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The sight of an engorged male organ can be traumatic for a little school girl. It’s also a sight she can never forget. On a public bus, squished in the last two rows, on my way back from school, that is where I first encountered the perverted male. In living memory.

His dhoti parted and that monstrosity sticking out. I first thought he was ill. So I looked up with concern at his face, and then understood that the ecstacy on it was perversion. I dont think any one else on the bus saw him. His show was for one girl in pigtails, a school uniform; for the fear in her eyes; and as it dawned on her, the disgust. But, the fear mostly; and the thrill of doing it in public.

Most children of my generation and socio economic standing went to school by bus, until they were old enough to cycle to and from home. Buses crowded, spilling over with people, just making that it much more easier for the grope, the breast-grab, ass-fondle, and dhoti-part. Or if we walked to school, young turks on bicycles would speed by and as they swung past, make that desperate lunge for your pubescent breasts. Even if your dad was walking with you. Both you and your dad are angry. You are so angry, there are tears in your eyes. It also hurts where he grabbed you visciously, and yet, quite casually.  You assuage yourself by dreaming of a nasty accident for the boy on his cycle.

You say fight for yourself. How do little girls do that? Little girls of my generation were happy to carry heavy backpacks with books. It was heavy, but it was a shield of sorts. And then a lunch bag, held strategically, was further protection. We grew nails too, for more than cosmetic reasons, but I have never used them once on a bus. All this was before we picked up the courage to shout at or even injure a molester on a bus. Before we realised that courage built up in you, from education, or from realising you don’t have to put up with it. Not that it ever stops. At any age. Not on the bus, not anywhere else.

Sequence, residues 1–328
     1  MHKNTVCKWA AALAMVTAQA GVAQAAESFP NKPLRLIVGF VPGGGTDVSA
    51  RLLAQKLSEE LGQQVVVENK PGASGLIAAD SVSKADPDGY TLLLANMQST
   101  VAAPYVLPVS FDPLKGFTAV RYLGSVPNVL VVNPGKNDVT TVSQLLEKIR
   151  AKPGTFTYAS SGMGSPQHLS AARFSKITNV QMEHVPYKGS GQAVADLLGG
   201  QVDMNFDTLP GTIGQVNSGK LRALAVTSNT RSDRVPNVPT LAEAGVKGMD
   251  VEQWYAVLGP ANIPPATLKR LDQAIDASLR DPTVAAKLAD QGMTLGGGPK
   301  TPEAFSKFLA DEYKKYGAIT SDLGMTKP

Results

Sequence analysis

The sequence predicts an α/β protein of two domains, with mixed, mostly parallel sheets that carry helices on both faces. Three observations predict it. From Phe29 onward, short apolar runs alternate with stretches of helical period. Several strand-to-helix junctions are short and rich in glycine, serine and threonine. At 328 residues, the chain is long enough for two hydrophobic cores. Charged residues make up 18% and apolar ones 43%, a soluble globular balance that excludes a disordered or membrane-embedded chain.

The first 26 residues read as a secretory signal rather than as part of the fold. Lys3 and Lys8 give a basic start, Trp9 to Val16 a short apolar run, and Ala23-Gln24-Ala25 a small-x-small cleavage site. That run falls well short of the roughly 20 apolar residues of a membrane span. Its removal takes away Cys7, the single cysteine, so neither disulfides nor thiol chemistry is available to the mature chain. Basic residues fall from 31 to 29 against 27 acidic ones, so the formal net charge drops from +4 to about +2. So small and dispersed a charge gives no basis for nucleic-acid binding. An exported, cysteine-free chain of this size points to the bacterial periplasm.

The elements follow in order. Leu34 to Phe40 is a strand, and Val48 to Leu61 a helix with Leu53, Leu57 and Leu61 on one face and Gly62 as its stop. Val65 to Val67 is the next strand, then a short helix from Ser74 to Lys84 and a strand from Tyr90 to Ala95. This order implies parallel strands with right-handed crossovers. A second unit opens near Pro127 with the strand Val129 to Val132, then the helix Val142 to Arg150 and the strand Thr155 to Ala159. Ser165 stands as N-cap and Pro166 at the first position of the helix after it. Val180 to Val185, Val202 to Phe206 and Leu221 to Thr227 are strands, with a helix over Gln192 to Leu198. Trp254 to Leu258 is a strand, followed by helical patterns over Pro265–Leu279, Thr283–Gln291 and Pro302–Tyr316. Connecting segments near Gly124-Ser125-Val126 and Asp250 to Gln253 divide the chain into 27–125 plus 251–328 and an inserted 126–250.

At home, post cards with crude pornography come from anonymous strangers. Curiosity and puzzlement before your mother angrily tears up that yellow card. Then you realise it is embarrassing. It messes with your mind.

Later, in adult situations, several surreptitious glances at your chest, a wink, the suggestive gesture passing off as a joke. In the subway, a flasher. Men on bikes who screech close to you as you wait at the signal. In the auto, a perverted driver. Or a taxi driver – one who looks too often at you in the rear view mirror; the man on the flight who edges close to your thighs pretending to sleep and snore. 

Little crimes you can hardly complain about. It’s tiring to fight, again and again.

And yet, now, you must. So that when your little girl grows up, the men and woman who are today outraging the Delhi rape will have raised sons who will be free to love a woman, or hate her, without feeling her up on the bus.

Also so that an anonymous 23-year old aspiring physiotherapist would not have died in vain. 

 

 

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